Finance minister Pravin Gordhan will on Wednesday deliver the 2017 Budget amid slow growth and high unemployment.
The minister is expected to lay out a plan to draw in R28 billion more in tax revenue over the next two years.
Absa spoke to Chris Gilmour, Investment Analyst at the group’s Absa Wealth and Investment Management division – where he shared his top five predictions for the Budget 2017:
- VAT will remain unchanged at 14%
The last time VAT was adjusted, was in 1994. According to Gilmour, another adjustment in this day and age would be deemed politically indefensible because of the repercussions this would have – especially on the poor.
This means that the amount of VAT you pay when purchasing goods or services, will remain unchanged – though prices will probably still increase due to inflation.
- The top marginal tax rate will increase
Tax payers who fall in the top tax bracket – meaning that they earn more than R701 301 annually, currently pay 41% tax. Gilmour predicts that this margin will be increased by as much as 4% in the 2017/2018 financial year.
This means that South Africans who earn the most, will have less money to spend on goods and services each month. “But that is the price that one has to pay to soothe ratings agencies and other constituents.”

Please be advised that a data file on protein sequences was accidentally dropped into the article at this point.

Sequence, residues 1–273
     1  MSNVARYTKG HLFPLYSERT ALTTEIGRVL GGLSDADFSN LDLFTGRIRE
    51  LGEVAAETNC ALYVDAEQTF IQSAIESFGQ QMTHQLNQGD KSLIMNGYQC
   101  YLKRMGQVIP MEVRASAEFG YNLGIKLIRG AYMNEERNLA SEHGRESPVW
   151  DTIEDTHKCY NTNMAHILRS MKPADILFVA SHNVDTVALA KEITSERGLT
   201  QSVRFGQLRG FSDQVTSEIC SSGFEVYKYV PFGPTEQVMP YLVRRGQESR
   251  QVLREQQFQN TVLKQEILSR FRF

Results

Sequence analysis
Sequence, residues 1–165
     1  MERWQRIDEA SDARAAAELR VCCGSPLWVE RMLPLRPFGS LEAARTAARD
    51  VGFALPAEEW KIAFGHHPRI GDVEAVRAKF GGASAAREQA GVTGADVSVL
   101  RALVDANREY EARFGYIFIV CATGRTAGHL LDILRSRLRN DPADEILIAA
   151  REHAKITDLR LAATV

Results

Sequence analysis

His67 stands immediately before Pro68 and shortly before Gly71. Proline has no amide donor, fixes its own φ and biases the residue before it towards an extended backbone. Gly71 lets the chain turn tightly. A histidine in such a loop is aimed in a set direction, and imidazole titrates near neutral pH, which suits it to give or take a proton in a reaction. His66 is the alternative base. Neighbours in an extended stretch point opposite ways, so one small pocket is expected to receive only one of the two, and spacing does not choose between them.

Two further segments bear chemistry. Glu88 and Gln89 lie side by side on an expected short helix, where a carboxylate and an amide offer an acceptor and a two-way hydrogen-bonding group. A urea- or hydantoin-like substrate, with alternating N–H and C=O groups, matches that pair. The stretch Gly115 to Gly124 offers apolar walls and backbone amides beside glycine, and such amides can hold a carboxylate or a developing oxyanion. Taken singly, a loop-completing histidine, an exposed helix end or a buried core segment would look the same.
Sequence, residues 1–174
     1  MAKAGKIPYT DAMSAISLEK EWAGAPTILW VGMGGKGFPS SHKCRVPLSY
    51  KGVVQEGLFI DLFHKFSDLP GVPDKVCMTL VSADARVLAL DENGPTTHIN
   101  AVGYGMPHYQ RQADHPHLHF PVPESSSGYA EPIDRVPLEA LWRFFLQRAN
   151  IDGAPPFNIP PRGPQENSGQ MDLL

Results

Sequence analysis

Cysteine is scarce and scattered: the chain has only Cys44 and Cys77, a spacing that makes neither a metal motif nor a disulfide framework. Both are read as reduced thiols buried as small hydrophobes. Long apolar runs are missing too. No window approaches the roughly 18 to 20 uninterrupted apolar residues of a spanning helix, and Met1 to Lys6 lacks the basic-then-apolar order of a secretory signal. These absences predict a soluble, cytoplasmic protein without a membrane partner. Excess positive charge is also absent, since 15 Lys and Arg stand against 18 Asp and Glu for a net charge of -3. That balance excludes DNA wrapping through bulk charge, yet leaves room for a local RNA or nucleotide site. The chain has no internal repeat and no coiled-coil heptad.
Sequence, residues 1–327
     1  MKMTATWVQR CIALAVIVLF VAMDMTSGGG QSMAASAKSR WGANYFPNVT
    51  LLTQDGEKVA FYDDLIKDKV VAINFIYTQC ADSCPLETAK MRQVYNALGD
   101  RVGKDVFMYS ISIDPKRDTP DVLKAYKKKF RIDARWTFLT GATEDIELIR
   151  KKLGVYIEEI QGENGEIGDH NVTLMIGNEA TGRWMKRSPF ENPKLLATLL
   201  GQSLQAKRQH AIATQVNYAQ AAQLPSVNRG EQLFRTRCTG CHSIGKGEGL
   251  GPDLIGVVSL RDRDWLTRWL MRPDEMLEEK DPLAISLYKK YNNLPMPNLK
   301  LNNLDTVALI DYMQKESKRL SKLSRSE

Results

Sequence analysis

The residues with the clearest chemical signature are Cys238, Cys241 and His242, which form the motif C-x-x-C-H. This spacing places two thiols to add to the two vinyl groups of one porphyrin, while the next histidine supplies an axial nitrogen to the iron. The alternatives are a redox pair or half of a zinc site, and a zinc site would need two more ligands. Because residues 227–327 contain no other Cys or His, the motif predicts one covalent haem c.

- Social grants will be slightly increased
This includes monthly grants for old age (R1,500), child support (R350) and disability (R1 500). Gilmour predicts that there will once again, just like last year, be a small increase in these amounts.
“We’re talking about the poorest of the poor. People who can barely afford to get by. While last year’s increases were barely in line with inflation, at least it would be some attempt to put food on the table.”
- Tax incentives to encourage corporates to invest in new infrastructure developments
This is a win-win situation for everyone involved. A large percentage of the economy is in the hands of South African corporates, so encouraging businesses to spend some of that money on developing and maintaining infrastructure around them. In turn, government will be offering tax breaks.
This means that sustainable jobs will be created, that will help grow the economy, and ensure the upkeep and development of our cities. “This has been looked at in the past year or two, and hopefully now is the time that we’ll see it happening.”
- Widening the scope for sugar tax
In last year’s Budget Speech, the taxation of sweetened drinks was announced for the first time in South Africa. “There is an opportunity for government to expand that additional taxation to other relevant areas and confectionary.”
This means that people are likely to look for other ways to satisfy their thirst, and thus have a dampening effect on the corporations involved. On the other side of the spectrum, it could also encourage South Africans to lead a healthier lifestyle.